Thursday, February 22, 2007


The latest blog cage match seems to involve Glenn Reynolds again, who advocated the assassination of Iranian nuclear scientists and mullahs. It's kind of odd that Prof. Reynolds is the subject of so much controversy, seeing as how he's been running one of the least shrill blogs on the internet, Instapundit. So anytime someone accuses the good professor of being a wingnut, I take notice. And that's exactly what many liberal bloggers, most notably Glenn Greenwald and Scott Lemieux, did.

I'll comment on Lemieux's post, here:

Mainly because unlike Greenwald, a normally reasonable blogger who could only express moral outrage and horror rather than reasoned arguments, Lemieux actually challenged Reynolds' idea with probing questions. Such as:

Could anyone be dumb enough to think that the American assassination of Iranian clerics, scientists and/or political leaders would help liberal forces in Iran?

Would propping up the regime with energy assistance help the liberal forces in Iran? Okay, that's not fair, since it's just answering a question by posing another question. Never mind that the Greenwalds and Lemieuxs of the world have never particularly cared one way or another about the Iranian liberals, at least judging by the dearth of blog posts on Iran's liberals. Oh yeah, the question. No, assassinating clerics and scientists wouldn't help. It wouldn't hurt either. When Iraqi insurgents pick off Iraqi government people, does that strengthen the government and support for the government? It wouldn't do any favors for Iran's government either.

That killing a couple scientists would make Iran less determined to acquire nuclear weapons?

Determination doesn't build nuclear weapons anymore than determination gets us a cure for cancer.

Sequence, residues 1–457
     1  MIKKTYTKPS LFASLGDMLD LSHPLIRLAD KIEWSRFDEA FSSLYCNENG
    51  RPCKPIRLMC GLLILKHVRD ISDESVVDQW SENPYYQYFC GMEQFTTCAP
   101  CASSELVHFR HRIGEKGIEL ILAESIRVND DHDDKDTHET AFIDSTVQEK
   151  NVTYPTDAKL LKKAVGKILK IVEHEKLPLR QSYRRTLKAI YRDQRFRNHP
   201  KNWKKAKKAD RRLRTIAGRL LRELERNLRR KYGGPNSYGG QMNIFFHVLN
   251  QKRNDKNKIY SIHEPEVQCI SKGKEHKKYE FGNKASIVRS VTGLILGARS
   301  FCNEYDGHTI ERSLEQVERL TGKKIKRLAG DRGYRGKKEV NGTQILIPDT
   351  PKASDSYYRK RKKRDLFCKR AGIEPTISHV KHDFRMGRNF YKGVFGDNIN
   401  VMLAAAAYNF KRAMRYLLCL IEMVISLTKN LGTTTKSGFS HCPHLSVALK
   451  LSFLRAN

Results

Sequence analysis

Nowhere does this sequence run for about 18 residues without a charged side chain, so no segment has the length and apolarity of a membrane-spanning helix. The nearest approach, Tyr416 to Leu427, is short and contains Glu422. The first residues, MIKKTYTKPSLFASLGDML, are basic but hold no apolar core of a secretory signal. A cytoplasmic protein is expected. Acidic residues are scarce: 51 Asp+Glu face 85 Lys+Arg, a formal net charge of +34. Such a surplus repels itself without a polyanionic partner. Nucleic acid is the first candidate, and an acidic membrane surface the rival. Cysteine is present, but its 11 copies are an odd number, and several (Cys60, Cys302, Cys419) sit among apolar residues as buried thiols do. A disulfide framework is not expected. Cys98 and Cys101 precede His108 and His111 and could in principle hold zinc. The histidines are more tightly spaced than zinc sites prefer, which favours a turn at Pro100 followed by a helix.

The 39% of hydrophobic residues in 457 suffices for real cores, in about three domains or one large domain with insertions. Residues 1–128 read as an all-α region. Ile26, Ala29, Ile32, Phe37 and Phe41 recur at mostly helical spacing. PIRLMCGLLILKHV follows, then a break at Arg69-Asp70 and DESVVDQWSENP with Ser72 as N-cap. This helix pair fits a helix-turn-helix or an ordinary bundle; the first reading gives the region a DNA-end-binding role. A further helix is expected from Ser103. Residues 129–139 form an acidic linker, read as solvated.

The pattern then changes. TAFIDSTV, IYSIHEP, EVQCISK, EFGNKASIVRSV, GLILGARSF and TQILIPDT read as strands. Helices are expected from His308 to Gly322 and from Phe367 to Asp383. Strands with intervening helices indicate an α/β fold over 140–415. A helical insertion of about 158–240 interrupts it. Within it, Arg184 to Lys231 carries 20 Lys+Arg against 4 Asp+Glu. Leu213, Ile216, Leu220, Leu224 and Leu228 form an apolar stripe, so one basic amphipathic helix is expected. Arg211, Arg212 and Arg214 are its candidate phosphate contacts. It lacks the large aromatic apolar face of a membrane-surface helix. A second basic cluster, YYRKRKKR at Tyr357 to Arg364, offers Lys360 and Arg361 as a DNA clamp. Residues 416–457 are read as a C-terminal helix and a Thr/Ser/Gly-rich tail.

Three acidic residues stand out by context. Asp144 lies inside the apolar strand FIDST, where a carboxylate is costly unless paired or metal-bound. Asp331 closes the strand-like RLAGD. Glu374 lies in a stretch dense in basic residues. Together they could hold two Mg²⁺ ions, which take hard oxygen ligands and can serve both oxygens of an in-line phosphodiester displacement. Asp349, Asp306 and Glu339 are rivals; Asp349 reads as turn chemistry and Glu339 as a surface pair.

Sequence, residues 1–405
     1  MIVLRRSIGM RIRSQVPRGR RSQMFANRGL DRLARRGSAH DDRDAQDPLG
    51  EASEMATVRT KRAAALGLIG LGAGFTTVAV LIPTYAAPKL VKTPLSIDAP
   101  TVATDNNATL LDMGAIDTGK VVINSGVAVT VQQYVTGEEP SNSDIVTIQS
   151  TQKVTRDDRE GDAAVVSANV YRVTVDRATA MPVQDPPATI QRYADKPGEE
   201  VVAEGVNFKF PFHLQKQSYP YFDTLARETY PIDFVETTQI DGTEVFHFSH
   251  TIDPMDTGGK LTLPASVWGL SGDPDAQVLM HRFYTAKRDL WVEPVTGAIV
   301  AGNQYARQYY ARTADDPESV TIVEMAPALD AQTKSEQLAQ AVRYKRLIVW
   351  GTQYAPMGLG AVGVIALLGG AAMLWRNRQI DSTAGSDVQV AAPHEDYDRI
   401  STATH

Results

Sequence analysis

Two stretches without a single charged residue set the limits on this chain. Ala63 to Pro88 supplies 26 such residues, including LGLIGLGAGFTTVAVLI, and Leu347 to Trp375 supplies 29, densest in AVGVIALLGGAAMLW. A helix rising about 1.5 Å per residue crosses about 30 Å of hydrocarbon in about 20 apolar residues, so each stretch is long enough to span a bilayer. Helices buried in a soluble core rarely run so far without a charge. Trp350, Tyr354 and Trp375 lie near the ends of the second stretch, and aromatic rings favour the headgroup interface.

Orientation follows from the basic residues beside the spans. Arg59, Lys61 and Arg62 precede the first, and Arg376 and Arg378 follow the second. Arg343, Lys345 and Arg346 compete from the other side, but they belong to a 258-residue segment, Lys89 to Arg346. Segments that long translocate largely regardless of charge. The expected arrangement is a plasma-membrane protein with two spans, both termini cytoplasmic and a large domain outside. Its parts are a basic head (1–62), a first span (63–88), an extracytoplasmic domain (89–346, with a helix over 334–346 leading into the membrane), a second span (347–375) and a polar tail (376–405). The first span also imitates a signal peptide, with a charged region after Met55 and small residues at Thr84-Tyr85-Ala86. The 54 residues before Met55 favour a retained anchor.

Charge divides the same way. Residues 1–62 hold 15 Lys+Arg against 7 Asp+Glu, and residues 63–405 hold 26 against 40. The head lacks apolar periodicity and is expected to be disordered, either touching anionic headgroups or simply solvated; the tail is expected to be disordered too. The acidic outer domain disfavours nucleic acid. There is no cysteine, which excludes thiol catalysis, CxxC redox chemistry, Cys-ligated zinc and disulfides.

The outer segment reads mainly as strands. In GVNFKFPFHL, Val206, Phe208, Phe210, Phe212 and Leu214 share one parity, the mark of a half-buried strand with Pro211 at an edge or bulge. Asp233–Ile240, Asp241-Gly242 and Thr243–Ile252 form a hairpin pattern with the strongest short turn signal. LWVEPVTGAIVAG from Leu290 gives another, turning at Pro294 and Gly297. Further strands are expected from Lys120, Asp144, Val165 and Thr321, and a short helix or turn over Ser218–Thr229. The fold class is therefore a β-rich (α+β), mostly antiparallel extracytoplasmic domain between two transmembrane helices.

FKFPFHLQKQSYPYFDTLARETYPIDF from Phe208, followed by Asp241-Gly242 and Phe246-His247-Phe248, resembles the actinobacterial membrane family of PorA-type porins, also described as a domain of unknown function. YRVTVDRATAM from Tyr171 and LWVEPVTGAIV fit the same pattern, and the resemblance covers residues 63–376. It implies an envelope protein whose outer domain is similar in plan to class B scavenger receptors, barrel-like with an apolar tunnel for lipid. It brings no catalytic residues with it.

That these kinds of covert ops are remotely viable?

Lemieux could have a point here. But that's the only valid argument, in my opinion: can it be done? If it can't, we shouldn't. If it can, we should.

Then Lemieux concludes with this attack:

The whole thing is nuttier than a Planters factory, and Reynolds can't even be bothered to begin an argument on the merits. This should be irrelevant to his job, of course, but that anybody takes anything he writes about foreign policy seriously is remarkable.

Read Glenn Reynolds' op-ed and decide for yourself:

Looks to me like he made reasoned arguments:

History first: There’s nothing beyond the pale about suggesting assassination and covert action as an alternative to warfare. In 1998, Sens. Dianne Feinstein, D-Calif., and Joseph Biden, D-Del., asked the government to look into assassination as a means of dealing with terrorists; Sen. Chuck Robb, D-Va., suggested assassinating Saddam Hussein the same year. On Jan. 3, 2001, Rep. Bob Barr, R-Ga., introduced legislation to facilitate the assassination of terrorists. And in 1997, George Stephanopoulos wrote: “A misreading of the law or misplaced moral squeamishness should not stop the president from talking about assassination. He should order up the options and see if it’s possible. If we can kill Saddam, we should.” If this be fascism, make the most of it.